Pursuing a pastime can make you a better healthcare provider — here’s why
Whether you are new in your career, well established or looking at retirement, having a hobby or pastime can make a substantial impact not only on your personal well-being, but also on your professional performance.
We all need to unwind and detach from the normal routine. That’s why vacations are so popular and sought-after. Being a locum tenens or travel healthcare provider offers a tremendous opportunity to literally mix business with pleasure.
What are the key benefits a hobby can bring a hard-working professional? Let’s find out, thanks to a 2009 study published in Psychosomatic Medicine, a peer-reviewed journal of the American Psychosomatic Society and other resources.
- Better physical health and function. The study reported that hobby-practicing participants had “lower blood pressure, total cortisol, waist circumference, and body mass index, and perceptions of better physical function” after undergoing measures of their physical states.
- Higher levels of “positive psychological states.” In other words, active hobbyists feel better about themselves and their world.
- Lower levels of depression. That’s to be expected if people have those higher levels of ‘positive’ states, but it’s also something that’s long been suggested by psychiatrists. In 1952, Karl Menninger, M.D., said play was “one of the best antidotes for low morale and other conditions that might lead to mental illness,” according to the Journal of Health, Physical Education, Recreation and Dance’s June issue.
- You’ll likely keep burnout at bay. This circles back to the “all work and no play…” motto, of course. Writing at VeryWell.com, Elizabeth Scott, M.S., asserted, “hobbies can help buffer the effects of a stressful job, and mitigate factors that contribute to burnout.”
- Different social interaction. Practicing a hobby that involves others — whether it’s at a stamp collectors’ club, an archery competition or a regular fishing group — naturally expands your social circle and enhances the hobby experience.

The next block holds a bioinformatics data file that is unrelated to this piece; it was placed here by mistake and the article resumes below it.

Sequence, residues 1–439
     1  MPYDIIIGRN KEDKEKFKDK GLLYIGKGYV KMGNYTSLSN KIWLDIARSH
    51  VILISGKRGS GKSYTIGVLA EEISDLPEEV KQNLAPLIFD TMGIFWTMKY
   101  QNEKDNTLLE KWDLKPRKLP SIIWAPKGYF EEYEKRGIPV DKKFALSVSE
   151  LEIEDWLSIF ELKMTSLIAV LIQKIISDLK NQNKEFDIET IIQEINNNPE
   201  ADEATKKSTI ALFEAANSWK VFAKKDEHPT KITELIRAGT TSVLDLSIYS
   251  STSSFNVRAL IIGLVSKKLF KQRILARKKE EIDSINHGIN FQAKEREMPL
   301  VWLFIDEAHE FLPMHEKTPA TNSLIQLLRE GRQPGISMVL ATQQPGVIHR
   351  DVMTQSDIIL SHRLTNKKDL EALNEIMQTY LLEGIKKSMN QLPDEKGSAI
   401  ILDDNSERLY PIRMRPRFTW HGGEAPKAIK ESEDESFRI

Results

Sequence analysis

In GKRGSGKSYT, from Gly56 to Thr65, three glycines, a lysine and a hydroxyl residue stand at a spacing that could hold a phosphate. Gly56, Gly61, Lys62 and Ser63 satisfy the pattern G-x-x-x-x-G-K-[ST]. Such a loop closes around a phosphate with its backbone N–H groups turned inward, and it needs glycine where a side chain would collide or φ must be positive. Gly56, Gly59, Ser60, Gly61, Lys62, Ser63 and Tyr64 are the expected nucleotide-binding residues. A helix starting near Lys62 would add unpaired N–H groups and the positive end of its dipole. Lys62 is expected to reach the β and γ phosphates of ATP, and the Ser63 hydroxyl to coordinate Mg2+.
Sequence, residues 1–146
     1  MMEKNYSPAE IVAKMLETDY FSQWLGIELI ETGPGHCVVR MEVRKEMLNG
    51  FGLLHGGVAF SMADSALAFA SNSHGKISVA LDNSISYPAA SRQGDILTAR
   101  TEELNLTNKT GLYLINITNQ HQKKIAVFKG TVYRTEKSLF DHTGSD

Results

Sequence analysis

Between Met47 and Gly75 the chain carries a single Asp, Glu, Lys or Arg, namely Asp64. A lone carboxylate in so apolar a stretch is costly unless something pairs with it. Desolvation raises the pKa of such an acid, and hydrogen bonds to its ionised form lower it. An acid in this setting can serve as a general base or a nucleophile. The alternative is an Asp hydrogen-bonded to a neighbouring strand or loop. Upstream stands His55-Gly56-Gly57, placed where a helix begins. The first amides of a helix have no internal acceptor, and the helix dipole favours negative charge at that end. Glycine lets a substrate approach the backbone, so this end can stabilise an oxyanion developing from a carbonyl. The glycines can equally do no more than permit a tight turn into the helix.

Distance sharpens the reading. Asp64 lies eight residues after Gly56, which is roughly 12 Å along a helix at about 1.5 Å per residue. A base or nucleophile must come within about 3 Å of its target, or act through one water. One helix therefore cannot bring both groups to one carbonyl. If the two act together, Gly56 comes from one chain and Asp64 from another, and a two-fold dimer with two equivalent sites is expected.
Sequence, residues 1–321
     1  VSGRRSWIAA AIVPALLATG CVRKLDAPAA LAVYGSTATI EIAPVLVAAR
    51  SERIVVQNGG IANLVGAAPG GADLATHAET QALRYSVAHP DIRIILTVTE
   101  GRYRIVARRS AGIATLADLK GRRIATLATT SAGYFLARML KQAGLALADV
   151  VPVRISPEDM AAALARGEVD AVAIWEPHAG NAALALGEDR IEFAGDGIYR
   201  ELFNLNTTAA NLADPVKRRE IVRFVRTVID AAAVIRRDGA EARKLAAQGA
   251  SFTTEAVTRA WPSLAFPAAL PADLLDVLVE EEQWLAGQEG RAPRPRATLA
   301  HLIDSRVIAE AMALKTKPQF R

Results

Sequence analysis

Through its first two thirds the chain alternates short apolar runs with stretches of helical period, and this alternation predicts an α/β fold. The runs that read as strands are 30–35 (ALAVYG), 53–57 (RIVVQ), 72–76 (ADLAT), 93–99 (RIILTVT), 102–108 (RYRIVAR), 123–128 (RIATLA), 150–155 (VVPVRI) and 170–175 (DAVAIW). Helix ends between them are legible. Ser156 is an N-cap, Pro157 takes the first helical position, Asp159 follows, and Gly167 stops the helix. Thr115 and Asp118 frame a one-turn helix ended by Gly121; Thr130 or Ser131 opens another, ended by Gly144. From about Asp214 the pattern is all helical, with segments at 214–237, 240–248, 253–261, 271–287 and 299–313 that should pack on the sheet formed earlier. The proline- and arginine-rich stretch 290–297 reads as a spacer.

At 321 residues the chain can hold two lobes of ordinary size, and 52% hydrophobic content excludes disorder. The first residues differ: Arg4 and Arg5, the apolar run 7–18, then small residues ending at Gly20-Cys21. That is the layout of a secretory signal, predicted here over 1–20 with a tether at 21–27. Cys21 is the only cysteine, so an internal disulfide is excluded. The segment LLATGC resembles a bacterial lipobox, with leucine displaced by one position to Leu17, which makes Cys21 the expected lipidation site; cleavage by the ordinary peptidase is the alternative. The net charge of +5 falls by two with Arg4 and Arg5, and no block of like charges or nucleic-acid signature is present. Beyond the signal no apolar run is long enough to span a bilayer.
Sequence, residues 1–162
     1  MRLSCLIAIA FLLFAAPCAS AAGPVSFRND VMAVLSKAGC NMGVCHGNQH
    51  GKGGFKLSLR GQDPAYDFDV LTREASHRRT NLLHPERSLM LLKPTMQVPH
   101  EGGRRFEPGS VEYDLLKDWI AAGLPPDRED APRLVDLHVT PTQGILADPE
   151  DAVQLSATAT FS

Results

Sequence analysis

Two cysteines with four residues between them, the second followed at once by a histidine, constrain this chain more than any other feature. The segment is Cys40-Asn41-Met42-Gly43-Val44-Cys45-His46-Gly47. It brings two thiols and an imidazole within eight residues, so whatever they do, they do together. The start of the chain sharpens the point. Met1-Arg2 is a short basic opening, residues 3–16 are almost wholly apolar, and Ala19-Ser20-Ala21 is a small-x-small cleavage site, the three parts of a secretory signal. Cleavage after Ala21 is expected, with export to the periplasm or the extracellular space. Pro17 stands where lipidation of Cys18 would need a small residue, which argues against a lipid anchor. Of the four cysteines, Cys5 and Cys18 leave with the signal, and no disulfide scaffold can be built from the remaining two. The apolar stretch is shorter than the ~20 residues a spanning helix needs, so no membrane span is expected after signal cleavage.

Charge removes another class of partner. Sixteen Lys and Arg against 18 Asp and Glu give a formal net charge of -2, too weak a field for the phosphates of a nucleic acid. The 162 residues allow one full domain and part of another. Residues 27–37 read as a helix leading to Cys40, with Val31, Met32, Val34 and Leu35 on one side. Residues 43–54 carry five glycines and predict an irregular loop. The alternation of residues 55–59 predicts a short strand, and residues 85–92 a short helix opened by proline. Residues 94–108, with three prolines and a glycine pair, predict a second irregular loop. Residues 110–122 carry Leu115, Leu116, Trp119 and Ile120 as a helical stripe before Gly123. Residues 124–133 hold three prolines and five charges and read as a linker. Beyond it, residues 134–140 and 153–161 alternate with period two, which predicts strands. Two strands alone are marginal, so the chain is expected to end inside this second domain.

How to find the time for such pursuits? For several physicians, working locum tenens assignments offers an ideal solution.
“I do locums because I know exactly what I want to do,” says Dr. Tammy Allen. “I’ve probably been to every continent except Antarctica, and I’m trying to convince my husband to go there now before it falls into the ocean. I believe that when you travel overseas, a week or two weeks is not enough. So my trips tend to be three to six weeks. I couldn’t do that with any other job. I have work/life balance and I do the things that I love to do.”
Cardiologist Dr. Michael Higginbotham adds that working as a locums enabled him and his wife to pursue their active hobby of dog breeding, while continuing to serve, part-time, as a physician.
By discovering a hobby and dedicating time to it, you can recharge your batteries, and return to work with a better outlook, more energy and an enhanced perspective. Working locum tenens or travel assignments might be an ideal way to do a deep dive into a hobby while maintaining your professional vigor.